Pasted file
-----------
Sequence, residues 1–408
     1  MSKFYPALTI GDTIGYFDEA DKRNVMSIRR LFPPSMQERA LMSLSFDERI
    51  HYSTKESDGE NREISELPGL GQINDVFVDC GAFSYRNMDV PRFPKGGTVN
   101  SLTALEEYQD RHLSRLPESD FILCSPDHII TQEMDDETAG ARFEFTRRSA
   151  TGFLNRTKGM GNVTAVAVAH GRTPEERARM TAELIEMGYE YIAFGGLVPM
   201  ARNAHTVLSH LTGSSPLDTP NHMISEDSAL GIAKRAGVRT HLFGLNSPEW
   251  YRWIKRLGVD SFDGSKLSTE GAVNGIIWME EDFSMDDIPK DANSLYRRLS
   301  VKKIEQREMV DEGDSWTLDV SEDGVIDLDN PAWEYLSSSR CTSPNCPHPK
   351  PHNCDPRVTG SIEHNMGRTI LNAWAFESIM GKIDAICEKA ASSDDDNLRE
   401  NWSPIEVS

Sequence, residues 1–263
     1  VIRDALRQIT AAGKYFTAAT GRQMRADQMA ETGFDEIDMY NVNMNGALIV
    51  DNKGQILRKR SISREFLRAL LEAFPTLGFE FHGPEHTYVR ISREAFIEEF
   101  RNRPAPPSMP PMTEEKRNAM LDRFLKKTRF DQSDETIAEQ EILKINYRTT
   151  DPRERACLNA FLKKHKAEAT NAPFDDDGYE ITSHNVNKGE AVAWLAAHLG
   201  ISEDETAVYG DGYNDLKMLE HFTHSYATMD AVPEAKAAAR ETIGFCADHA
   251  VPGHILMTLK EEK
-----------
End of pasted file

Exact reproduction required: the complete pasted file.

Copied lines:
Sequence, residues 1–408
     1  MSKFYPALTI GDTIGYFDEA DKRNVMSIRR LFPPSMQERA LMSLSFDERI
    51  HYSTKESDGE NREISELPGL GQINDVFVDC GAFSYRNMDV PRFPKGGTVN
   101  SLTALEEYQD RHLSRLPESD FILCSPDHII TQEMDDETAG ARFEFTRRSA
   151  TGFLNRTKGM GNVTAVAVAH GRTPEERARM TAELIEMGYE YIAFGGLVPM
   201  ARNAHTVLSH LTGSSPLDTP NHMISEDSAL GIAKRAGVRT HLFGLNSPEW
   251  YRWIKRLGVD SFDGSKLSTE GAVNGIIWME EDFSMDDIPK DANSLYRRLS
   301  VKKIEQREMV DEGDSWTLDV SEDGVIDLDN PAWEYLSSSR CTSPNCPHPK
   351  PHNCDPRVTG SIEHNMGRTI LNAWAFESIM GKIDAICEKA ASSDDDNLRE
   401  NWSPIEVS

Sequence, residues 1–263
     1  VIRDALRQIT AAGKYFTAAT GRQMRADQMA ETGFDEIDMY NVNMNGALIV
    51  DNKGQILRKR SISREFLRAL LEAFPTLGFE FHGPEHTYVR ISREAFIEEF
   101  RNRPAPPSMP PMTEEKRNAM LDRFLKKTRF DQSDETIAEQ EILKINYRTT
   151  DPRERACLNA FLKKHKAEAT NAPFDDDGYE ITSHNVNKGE AVAWLAAHLG
   201  ISEDETAVYG DGYNDLKMLE HFTHSYATMD AVPEAKAAAR ETIGFCADHA
   251  VPGHILMTLK EEK